In a Forfeiture Order issued in mid-January, the FCC recaps the history of the violation that led to the massive fine. The individual, Scott Rhodes, apparently made more than 6000 unlawful spoofed robocalls to residents in at least six states between May and December 2018. The calls reportedly targeted voters in districts during political campaigns, or residents living in communities that had recently experienced events “related to or involving white nationalism, immigration, or other public controversies.”
The calls directed recipients to a website called “theroadtopower,” which contained several videos featuring Rhodes providing commentary similar to that contained in robocalls.
Following complaints from consumers in the targeted areas, the FCC Enforcement Bureau traced the robocalls to a specific dialing platform that identified Rhodes as the originator of the calls. Rhodes reportedly altered his caller ID information so as to appear to be a local resident of the targeted areas, which is illegal under the Truth in Caller ID Act.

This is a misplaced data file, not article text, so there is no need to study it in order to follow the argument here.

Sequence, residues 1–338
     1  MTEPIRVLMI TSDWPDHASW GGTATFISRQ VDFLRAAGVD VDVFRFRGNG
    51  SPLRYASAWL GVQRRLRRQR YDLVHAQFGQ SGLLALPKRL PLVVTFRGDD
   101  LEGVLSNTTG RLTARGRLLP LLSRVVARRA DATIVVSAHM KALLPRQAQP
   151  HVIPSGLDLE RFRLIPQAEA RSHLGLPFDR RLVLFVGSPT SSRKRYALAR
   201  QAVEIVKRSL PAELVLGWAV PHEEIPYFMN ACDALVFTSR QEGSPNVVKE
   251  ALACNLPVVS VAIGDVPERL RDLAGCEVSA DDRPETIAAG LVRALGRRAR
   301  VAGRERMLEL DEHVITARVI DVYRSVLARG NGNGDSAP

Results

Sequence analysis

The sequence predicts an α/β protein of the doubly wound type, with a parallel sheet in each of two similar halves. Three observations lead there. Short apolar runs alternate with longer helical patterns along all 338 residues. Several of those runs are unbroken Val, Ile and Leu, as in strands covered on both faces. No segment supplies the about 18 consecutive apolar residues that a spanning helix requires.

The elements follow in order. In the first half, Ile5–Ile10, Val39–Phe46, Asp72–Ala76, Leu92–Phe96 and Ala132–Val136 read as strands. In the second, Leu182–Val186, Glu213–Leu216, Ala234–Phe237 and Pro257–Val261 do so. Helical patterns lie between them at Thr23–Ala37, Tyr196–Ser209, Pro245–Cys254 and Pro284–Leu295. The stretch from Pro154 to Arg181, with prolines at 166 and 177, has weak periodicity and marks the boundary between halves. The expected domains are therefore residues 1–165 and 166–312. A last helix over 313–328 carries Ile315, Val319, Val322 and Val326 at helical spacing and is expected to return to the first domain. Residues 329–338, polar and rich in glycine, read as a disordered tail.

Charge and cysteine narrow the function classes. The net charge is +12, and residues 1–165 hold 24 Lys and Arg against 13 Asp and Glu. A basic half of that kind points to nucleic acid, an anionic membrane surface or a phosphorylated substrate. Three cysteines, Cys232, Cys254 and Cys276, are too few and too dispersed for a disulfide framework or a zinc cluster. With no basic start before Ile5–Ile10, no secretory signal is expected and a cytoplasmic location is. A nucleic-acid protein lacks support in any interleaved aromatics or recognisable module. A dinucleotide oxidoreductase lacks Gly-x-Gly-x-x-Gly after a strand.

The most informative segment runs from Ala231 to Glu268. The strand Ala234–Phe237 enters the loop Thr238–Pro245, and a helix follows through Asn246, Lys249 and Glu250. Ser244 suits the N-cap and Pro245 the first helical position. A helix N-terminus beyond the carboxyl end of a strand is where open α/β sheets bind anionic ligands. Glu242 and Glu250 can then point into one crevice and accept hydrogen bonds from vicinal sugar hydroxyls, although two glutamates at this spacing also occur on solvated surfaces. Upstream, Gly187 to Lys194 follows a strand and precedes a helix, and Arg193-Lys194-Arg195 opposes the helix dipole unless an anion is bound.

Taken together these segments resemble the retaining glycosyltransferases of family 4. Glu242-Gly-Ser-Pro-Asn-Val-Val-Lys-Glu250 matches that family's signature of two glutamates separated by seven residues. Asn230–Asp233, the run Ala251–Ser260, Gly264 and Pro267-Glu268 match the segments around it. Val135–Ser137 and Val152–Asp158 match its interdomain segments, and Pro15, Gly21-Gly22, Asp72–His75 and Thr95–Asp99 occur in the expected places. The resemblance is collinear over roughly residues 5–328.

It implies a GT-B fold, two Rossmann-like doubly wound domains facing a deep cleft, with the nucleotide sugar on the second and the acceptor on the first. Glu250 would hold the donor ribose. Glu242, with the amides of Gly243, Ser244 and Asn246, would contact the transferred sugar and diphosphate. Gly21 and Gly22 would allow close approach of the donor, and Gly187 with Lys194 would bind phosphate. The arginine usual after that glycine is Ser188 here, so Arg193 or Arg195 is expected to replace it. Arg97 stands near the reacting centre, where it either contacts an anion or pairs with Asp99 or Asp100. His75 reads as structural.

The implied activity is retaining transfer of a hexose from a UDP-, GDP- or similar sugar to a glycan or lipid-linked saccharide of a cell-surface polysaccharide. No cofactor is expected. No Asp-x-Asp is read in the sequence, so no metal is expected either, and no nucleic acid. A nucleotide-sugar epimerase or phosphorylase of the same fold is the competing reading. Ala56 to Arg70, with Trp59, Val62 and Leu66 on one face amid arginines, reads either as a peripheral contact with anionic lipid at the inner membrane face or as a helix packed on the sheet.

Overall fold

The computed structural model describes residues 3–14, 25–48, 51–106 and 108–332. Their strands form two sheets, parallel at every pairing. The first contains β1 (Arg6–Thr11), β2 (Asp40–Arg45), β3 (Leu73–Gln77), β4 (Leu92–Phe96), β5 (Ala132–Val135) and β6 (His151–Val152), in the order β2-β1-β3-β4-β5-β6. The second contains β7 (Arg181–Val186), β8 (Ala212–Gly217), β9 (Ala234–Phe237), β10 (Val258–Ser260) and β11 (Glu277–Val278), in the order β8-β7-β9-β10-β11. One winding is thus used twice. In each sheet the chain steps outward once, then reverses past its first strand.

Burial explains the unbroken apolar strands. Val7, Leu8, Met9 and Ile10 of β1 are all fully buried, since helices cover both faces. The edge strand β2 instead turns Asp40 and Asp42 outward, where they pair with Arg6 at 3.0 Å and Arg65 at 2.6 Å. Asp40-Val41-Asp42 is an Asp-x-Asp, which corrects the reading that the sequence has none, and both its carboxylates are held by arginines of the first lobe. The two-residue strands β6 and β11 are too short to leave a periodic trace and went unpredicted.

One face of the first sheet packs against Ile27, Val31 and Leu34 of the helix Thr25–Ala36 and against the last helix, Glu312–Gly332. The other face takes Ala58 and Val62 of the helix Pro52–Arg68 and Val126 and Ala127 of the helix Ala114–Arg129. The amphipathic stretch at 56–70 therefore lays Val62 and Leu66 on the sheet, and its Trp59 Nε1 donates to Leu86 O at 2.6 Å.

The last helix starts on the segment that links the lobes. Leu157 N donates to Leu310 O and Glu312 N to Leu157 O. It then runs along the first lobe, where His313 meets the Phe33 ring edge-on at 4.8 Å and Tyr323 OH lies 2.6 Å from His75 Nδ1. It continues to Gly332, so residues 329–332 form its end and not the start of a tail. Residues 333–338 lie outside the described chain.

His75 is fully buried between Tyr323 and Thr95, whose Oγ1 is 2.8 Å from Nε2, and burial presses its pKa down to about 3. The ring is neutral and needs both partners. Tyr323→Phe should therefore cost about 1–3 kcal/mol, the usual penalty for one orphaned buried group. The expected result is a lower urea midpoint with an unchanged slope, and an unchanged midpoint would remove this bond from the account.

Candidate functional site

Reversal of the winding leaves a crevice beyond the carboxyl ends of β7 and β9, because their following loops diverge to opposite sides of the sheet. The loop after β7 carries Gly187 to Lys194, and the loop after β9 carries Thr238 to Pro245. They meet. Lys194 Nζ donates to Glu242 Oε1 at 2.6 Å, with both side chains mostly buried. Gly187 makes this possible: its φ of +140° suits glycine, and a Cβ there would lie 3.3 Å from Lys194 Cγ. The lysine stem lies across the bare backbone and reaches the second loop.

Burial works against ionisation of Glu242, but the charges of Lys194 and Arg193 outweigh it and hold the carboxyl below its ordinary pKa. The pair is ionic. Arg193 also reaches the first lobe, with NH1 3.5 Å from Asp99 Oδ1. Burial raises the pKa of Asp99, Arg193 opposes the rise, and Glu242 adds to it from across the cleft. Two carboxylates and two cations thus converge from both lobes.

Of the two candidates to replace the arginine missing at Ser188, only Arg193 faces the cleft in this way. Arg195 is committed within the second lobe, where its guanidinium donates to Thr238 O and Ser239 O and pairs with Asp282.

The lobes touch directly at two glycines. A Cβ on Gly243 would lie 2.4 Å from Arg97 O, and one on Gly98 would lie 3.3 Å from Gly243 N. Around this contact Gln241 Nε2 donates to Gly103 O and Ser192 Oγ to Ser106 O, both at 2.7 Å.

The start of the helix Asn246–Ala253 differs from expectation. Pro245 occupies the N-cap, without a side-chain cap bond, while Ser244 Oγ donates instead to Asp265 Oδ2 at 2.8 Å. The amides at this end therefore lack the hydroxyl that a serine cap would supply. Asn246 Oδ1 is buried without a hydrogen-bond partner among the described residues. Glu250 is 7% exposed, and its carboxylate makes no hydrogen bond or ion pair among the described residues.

The FCC originally proposed a forfeiture of nearly $13 million in a Notice of Apparent Liability for Forfeiture issued in January 2020. In his response, Rhodes vehemently denied all the FCC’s allegations, and further claimed that the agency’s actions represented a “politically motived gross overreach of FCC authority.”
In its Forfeiture Order, the FCC found Rhodes’ arguments in his defense “unpersuasive.” However, the agency did reduce the originally proposed forfeiture amount from $12.9 million to just over $9.8 million to account for calls for which Rhodes was ultimately found not responsible.